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Saturday, September 12, 2009

Some people say that children copy their parents...

Couch Potato
I don't think that's true at all. I usually sit at the other end of the sofa.

To be honest though, I could do with a nice sit-down after yesterday. Having been out and about across Sussex for most of the week, Friday was supposed to be my day of rest. And it would have been, if I hadn't taken it upon myself to go above and beyond the call of duty in an effort to solve everyone's problems, stayed an hour later than I should have done, and ended up ruining everything.

It all started with a sick computer. The laptops we take out to clinics are all encrypted, so that when we leave them on buses, the Daily Mail can't find out which celebrities in Horsham have diabetes. Unfortunately one of those laptops won't accept my password, or that of one of my colleagues, and we both have to pose as someone else every time we use it. Apparently it's all down to a corrupted data file. I've been on the phone to the IT helpdesk numerous times trying to rid the NHS of corruption, and having failed to solve the problem, they asked me to take the laptop to the hospital's datacentre for treatment.

Unfortunately, the computer and I are rarely in Brighton at the same time. Frankly that laptop's seen more of Sussex than I have. But whilst in the office yesterday morning, I discovered that our paths had finally crossed, and after weeks of waiting, I had the chance to tackle corruption head on. Although I had to wait until my colleague had finished using it. By which time I only had a few minutes until lunch. It was a tough call.

But being a dedicated NHS employee, I risked losing my lunch break by heading along the road to the hospital's datacentre, which is conveniently situated up some stairs in a dingy back alley behind the main building. Frankly it's impossible to find without a working knowledge of sat-nav. Anyway, I'm not saying that everyone who works with computers is a nerdy techno-geek with no social skills, but having walked through the door of their office, it looked less like the IT crowd, and more like a support group for Asbergers. You have no idea how uncomfortable it feels to stand there for a good thirty seconds, introducing yourself and waiting for a response, while twenty people stare back at you in complete silence. For a while there, I genuinely wondered if they spoke English.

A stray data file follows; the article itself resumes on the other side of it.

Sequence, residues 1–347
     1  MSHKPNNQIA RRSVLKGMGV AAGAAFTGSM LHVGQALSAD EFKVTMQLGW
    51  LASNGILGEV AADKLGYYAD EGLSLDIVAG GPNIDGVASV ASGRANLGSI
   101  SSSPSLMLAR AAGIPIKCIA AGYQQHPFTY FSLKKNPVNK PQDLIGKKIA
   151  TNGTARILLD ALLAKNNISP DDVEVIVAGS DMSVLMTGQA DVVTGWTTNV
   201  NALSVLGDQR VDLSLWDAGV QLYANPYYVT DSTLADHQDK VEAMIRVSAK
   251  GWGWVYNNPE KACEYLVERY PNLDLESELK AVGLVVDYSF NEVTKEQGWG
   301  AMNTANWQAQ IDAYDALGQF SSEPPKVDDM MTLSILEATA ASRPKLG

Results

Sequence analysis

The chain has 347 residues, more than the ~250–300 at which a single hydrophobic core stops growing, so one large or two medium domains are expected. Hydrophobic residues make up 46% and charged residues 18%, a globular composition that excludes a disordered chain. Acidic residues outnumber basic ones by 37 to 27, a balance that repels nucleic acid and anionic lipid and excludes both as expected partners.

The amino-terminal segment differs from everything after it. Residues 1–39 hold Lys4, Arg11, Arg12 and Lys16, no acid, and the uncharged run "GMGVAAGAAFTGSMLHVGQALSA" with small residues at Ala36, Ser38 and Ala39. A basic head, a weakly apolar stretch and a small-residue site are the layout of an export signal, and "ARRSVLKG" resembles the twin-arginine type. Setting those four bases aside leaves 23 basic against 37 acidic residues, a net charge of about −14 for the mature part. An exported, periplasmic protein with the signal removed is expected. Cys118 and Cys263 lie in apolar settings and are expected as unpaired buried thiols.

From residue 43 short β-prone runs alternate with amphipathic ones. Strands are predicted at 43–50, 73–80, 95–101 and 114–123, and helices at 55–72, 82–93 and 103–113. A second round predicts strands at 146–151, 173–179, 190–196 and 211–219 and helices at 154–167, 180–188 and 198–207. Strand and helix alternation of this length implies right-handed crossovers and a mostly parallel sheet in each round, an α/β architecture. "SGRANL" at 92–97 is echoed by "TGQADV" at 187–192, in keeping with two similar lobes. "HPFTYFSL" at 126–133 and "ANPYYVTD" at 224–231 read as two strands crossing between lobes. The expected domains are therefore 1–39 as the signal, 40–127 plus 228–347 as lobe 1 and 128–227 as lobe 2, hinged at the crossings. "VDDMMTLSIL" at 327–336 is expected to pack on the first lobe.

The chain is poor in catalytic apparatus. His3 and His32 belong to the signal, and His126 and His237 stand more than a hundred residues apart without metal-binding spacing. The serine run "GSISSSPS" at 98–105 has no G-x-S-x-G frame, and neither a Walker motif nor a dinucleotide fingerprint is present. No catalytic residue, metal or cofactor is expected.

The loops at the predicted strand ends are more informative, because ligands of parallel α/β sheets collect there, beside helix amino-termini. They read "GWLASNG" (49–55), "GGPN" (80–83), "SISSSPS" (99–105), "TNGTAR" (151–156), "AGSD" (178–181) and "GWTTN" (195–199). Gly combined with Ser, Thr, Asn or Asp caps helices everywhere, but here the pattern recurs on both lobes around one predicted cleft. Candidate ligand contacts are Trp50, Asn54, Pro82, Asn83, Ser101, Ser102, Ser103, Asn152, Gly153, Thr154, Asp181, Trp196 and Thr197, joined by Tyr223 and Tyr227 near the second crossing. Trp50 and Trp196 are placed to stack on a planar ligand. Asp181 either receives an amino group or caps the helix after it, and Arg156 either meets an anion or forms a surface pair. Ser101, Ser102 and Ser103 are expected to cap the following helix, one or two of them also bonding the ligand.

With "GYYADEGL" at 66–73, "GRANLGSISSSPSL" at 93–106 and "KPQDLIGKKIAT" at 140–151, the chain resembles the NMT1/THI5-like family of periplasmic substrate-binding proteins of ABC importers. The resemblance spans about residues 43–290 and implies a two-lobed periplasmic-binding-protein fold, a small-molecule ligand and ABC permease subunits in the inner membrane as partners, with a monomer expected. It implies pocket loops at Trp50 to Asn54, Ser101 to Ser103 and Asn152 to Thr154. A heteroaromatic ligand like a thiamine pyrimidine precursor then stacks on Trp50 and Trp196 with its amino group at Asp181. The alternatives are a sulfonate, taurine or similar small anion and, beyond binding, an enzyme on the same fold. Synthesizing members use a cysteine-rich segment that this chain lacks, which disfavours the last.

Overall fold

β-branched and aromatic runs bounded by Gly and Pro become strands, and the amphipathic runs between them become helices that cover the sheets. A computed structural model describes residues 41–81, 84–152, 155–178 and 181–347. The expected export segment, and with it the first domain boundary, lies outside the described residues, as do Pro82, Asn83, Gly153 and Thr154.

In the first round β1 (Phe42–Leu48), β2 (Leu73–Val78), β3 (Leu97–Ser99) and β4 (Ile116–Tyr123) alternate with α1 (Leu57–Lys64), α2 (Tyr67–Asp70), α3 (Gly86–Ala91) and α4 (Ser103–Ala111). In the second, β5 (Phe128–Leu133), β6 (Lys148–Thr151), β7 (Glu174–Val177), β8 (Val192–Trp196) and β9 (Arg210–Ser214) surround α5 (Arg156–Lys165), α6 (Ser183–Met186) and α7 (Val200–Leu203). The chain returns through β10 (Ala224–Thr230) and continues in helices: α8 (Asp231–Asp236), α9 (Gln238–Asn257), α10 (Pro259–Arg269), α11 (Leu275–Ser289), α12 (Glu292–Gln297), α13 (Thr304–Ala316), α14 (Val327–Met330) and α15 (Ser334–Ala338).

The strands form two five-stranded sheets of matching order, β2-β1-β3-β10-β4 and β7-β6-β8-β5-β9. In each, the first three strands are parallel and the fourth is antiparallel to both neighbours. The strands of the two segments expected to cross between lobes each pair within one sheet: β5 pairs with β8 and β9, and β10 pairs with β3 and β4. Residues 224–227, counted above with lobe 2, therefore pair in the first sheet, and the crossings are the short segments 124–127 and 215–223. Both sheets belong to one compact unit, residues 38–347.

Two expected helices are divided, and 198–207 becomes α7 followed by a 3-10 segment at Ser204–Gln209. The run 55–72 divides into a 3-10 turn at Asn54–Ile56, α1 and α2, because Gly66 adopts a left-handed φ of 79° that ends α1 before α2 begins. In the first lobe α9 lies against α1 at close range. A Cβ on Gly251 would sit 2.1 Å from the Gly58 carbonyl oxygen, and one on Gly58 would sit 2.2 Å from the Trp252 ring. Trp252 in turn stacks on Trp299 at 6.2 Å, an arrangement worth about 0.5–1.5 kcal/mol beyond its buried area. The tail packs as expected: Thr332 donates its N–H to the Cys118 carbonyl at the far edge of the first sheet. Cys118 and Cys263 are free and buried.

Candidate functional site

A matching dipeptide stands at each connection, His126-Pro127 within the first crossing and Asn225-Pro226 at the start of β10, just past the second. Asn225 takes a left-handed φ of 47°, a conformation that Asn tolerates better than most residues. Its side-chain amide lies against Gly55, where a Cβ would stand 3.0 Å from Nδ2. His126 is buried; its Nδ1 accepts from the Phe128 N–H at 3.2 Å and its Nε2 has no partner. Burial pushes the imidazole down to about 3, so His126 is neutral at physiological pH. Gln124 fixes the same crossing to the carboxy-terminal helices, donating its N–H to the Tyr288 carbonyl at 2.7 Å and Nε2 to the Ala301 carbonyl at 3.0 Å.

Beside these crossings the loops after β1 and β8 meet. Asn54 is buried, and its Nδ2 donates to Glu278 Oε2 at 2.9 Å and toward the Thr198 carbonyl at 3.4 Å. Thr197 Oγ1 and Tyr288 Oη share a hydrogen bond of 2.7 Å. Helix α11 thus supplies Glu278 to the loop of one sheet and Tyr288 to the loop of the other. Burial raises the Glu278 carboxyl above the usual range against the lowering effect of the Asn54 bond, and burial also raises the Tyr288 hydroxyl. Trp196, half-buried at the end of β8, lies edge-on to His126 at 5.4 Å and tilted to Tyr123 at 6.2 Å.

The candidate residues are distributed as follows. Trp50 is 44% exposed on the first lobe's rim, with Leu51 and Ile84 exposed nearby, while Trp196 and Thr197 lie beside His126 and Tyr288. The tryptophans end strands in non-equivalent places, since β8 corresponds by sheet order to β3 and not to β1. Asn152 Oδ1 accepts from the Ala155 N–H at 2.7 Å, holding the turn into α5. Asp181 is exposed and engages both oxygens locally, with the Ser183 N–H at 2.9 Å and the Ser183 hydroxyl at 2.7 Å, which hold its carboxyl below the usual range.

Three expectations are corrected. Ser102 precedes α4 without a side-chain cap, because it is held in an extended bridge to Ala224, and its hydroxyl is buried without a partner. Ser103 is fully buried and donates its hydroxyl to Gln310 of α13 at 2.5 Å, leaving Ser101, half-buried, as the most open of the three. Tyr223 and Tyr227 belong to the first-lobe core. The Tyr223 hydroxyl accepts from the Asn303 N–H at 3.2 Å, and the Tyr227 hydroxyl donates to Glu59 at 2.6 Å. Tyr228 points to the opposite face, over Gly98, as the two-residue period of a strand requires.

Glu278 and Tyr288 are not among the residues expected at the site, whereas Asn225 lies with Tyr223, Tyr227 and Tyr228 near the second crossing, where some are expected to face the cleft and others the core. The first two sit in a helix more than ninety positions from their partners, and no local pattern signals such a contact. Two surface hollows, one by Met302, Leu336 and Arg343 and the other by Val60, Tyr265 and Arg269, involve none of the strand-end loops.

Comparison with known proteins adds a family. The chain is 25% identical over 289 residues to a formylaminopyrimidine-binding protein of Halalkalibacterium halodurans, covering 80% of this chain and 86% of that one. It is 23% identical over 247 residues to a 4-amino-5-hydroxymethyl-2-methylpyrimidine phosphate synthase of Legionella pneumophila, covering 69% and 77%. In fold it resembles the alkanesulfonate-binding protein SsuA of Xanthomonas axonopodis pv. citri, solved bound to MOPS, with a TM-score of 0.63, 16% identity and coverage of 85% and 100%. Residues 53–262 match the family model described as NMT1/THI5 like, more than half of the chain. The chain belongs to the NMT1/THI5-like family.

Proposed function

But I eventually found the person I'd spoken to on the phone, explained why I was there, handed over the laptop, and went off to do my afternoon clinic over the road. Three hours later, the chap e-mailed me to say it was fixed.

I was due to finish work at 4pm yesterday, and having packed up my clinic at 3:50pm, I was fully entitled to go home. But instead of starting my weekend early, I went the extra mile (which was about two hundred yards) and headed back to the Nerdology Department, where I picked up the restored laptop and took it back to our office. At which point I thought "Shall I go straight home, or shall I check that it works..?". Nobly, and some would say foolishly, I decided to stay.

Anyhoo, the good news is that the computer now accepts my password. The bad news is that it no longer boots up.

Fifteen panic-stricken minutes later, I bundled the laptop back into its case and ran (literally) straight up the road to the hospital before the IT office closed for the weekend. I got there to find about three people left, none of whom were the person responsible for buggering up my computer. Fortunately, one of them was willing to help. Unfortunately the computer said no. After twenty minutes of trying, he gave up and said that they'd need to have the laptop in all day on Monday. I told him it's needed for a clinic in Crowborough at 9am. He shrugged his shoulders.

So I took it back to our office. By which time the only person still around was the head of my department. He tried. I tried. We both failed. And more than an hour after I should have gone home, we finally gave up and left a note for the admin staff, asking them to start cancelling Monday's patients first thing in the morning. That's twenty-eight people who would have been seen if only I'd gone to lunch early. I knew it was a mistake to put myself out.